Feature Article - January 2008
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Aquatic Programming Gets Back to Basics

By Emily Tipping

Safety First

To combat the midday doldrums, when many pools and other recreational facilities sit empty, Feris introduced a water safety program targeted at area schoolchildren. Called Waterproof Kids, the program initially brought in third-graders from the school district for a one-day field trip to learn about water safety. Four or five college students help run the program, acting as instructors, and Feris credits the heightened excitement and energy level during the lessons to their closer age proximity to the school kids.

"Since its inception, we've had over 14,000 children come and participate in the one-day field trips," Feris explained. "We totally immerse them in water safety education." The program covers the rules, first aid and how to handle an emergency, as well as teaching kids never to swim alone and how to non-invasively help a friend who's in trouble in the water—in a way that doesn't run the risk of having two people drown.

As part of the program, every child also goes through a general skills evaluation, and at the end of the day, they go home with a completion certificate. For kids deemed to be at greater risk, a strong recommendation goes home with them letting the parent know that their child needs some lessons.

While these suggestions are more of a broad recommendation to parents to get their kids into any facility's lessons, Feris said that they do see some of those kids back at the natatorium. "A lot of children we define as at-risk, their parents will contact us and sign their children up for swim lessons."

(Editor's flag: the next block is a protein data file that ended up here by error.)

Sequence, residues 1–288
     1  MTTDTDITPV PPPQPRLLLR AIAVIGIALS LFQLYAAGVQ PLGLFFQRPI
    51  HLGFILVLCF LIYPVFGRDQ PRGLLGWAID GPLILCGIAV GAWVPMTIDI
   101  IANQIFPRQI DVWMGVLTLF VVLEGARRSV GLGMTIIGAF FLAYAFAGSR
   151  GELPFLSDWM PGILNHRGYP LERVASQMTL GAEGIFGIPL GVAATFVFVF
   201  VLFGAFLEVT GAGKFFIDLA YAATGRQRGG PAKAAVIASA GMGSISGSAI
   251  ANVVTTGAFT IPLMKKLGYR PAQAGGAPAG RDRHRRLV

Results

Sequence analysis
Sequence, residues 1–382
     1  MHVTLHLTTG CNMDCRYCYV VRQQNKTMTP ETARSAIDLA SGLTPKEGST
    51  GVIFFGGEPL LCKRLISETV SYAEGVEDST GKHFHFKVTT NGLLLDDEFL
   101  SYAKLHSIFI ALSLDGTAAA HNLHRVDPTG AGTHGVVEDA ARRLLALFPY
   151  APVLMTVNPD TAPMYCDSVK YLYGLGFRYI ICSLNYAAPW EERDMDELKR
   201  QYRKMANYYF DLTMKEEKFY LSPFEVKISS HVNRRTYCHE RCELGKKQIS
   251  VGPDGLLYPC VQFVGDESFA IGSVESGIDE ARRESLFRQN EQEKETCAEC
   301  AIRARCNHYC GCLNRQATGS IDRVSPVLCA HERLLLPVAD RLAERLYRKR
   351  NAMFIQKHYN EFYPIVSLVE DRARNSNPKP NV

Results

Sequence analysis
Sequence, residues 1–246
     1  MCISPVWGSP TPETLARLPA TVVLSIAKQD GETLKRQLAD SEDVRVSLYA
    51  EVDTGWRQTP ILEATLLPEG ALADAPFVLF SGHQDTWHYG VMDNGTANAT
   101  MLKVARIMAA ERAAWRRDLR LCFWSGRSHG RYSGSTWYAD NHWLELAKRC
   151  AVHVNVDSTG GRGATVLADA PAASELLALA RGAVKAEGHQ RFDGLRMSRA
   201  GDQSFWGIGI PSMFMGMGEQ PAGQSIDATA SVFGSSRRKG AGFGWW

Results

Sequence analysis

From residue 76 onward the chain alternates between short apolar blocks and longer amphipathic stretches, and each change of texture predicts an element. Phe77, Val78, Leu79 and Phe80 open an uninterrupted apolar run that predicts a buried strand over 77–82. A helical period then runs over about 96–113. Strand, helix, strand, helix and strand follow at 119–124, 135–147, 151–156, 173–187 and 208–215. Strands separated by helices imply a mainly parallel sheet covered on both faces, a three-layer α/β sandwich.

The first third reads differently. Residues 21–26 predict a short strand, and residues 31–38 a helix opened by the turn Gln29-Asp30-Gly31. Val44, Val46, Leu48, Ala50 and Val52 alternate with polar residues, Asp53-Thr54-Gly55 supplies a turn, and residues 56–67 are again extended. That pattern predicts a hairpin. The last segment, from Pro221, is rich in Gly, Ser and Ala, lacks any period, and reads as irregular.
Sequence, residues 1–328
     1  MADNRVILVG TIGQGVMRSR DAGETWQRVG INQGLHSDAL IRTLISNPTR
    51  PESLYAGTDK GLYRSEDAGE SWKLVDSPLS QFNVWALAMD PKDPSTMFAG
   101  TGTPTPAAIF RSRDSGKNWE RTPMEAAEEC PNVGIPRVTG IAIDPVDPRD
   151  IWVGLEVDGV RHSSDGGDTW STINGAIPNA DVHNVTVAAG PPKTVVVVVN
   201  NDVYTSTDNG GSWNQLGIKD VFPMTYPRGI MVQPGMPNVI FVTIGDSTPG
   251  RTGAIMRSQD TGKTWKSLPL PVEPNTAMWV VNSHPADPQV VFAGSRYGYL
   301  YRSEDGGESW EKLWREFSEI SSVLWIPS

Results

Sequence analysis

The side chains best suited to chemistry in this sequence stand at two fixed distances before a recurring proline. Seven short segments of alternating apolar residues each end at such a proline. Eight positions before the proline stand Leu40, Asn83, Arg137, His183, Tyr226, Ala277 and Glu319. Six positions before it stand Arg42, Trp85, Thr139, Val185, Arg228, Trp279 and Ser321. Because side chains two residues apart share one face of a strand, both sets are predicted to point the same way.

The program has been successful in getting an entire school district's worth of kids to learn about water safety. While the district does not require its grade schools to take part, it is recommended, and at this point, Feris said, there is 100 percent participation by every school.

At the other end of the safety spectrum, Feris said his facility also trains 200 to 250 lifeguards every year, and this has been another way to partner with other facilities in the community to build revenue.

When he learned that a new Great Wolf Lodge was set to open a hotel and 86,000-square-foot indoor waterpark in December 2007, Feris' first thought was that they'd need to train their lifeguards somewhere.

"I just knew they'd need somewhere to train their staff, and we're just as viable a candidate as anyone around," he said. "So we invited them to dance with us, and eventually they decided to go on a date."

The relationship blossomed further when Great Wolf Lodge contributed $10,000 for the use of the natatorium and became a sponsor of the natatorium's scholarships, which help get even more kids into swim lessons and the water safety program.